1932

Abstract

Inflammation is a highly dynamic process with immune cells that continuously interact with each other and parenchymal components as they migrate through tissue. The dynamic cellular responses and interaction patterns are a function of the complex tissue environment that cannot be fully reconstructed ex vivo, making it necessary to assess cell dynamics and changing spatial patterning in vivo. These dynamics often play out deep within tissues, requiring the optical focus to be placed far below the surface of an opaque organ. With the emergence of commercially available two-photon excitation lasers that can be combined with existing imaging systems, new avenues for imaging deep tissues over long periods of time have become available. We discuss a selected subset of studies illustrating how two-photon microscopy (2PM) has helped to relate the dynamics of immune cells to their in situ function and to understand the molecular patterns that govern their behavior in vivo. We also review some key practical aspects of 2PM methods and point out issues that can confound the results, so that readers can better evaluate the reliability of conclusions drawn using this technology.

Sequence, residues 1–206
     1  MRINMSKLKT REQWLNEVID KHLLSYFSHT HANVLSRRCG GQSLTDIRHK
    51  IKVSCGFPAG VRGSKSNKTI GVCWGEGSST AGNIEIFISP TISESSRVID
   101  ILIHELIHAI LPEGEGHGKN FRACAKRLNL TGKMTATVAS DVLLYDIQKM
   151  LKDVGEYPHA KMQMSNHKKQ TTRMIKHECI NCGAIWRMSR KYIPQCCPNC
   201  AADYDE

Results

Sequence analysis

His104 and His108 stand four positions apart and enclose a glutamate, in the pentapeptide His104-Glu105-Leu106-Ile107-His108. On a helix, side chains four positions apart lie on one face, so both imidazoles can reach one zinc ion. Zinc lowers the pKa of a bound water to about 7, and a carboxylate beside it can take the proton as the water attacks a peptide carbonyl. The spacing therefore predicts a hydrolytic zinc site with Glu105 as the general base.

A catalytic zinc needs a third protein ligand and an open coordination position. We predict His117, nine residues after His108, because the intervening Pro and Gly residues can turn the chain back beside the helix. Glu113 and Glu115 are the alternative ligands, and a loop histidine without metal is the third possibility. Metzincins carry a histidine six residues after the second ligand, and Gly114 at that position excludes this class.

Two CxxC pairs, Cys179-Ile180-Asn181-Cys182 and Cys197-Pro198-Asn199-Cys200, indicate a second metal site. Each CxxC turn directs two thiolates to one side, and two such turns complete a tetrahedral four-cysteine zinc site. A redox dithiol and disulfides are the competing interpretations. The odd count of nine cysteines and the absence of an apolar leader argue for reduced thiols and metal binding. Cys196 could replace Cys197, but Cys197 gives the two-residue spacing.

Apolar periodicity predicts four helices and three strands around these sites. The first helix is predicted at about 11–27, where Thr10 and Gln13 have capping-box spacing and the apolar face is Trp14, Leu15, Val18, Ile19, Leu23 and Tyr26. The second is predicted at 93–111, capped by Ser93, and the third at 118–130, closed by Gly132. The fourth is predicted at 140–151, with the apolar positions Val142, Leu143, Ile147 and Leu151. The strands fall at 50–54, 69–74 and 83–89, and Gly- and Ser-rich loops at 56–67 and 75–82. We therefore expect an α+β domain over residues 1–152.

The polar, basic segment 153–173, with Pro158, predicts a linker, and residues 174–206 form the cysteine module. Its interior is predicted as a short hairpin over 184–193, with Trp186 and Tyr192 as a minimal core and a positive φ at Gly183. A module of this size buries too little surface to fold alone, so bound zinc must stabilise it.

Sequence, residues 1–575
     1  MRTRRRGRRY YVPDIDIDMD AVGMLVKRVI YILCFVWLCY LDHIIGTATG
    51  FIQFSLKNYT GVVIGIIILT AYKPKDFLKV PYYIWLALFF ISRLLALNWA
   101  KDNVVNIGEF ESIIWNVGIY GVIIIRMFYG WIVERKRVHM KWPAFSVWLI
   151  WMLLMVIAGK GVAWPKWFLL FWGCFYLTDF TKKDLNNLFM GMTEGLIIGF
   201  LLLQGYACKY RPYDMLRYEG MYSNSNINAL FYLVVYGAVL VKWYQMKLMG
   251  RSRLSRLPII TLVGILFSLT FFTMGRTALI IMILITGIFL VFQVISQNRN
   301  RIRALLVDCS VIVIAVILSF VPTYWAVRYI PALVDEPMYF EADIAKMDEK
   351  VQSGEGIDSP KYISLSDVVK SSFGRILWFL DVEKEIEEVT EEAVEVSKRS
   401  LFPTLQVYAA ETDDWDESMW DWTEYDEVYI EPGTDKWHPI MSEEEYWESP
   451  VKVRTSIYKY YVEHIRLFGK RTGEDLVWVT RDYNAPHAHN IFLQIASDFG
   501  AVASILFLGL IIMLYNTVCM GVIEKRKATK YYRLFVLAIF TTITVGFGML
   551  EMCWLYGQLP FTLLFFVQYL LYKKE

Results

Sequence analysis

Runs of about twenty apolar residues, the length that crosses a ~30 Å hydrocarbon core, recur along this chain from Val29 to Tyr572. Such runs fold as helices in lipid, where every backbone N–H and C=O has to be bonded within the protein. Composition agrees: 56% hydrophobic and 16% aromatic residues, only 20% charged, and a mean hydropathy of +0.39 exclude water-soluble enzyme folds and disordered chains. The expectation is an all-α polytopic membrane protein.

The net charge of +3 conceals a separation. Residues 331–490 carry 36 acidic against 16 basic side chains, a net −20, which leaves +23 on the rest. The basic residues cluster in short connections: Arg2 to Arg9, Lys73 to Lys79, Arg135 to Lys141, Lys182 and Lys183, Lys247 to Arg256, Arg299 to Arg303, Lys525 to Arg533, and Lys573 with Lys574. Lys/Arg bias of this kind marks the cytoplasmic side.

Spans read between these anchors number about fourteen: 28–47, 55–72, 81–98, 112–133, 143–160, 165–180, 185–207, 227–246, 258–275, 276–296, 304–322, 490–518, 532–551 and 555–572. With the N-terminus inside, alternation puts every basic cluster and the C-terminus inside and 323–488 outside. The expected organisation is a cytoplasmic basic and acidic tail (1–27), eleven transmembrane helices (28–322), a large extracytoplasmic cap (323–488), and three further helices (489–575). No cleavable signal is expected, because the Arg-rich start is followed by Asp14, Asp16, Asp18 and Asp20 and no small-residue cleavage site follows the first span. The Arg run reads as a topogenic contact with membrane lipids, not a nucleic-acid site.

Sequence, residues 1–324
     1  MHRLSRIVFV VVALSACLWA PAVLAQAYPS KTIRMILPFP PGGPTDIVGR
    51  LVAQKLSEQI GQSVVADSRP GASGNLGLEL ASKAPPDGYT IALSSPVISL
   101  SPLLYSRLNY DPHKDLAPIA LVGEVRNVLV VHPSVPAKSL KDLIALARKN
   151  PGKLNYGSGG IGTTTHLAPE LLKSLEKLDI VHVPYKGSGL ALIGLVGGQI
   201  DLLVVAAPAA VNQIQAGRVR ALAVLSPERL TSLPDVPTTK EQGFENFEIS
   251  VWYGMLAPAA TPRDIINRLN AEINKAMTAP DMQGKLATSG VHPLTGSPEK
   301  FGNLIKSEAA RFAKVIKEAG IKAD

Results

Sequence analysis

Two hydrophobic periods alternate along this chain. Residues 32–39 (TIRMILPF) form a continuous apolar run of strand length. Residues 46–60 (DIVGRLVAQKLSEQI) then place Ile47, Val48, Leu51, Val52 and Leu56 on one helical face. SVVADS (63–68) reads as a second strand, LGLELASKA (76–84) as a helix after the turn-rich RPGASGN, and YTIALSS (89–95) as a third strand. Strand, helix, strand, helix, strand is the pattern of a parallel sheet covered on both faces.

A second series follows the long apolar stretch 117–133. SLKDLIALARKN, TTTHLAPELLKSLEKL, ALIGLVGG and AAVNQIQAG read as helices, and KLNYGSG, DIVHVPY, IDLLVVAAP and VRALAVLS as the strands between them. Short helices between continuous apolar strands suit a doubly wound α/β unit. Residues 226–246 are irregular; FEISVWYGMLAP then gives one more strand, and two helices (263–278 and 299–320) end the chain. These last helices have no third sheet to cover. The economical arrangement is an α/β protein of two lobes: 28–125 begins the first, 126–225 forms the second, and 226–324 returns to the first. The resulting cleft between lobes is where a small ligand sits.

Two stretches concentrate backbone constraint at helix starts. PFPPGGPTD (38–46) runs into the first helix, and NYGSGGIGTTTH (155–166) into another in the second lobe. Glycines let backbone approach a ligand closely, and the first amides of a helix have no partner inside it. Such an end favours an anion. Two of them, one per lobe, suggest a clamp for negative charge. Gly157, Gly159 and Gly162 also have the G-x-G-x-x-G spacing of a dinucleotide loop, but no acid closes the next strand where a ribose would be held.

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2024-01-24
2024-05-25
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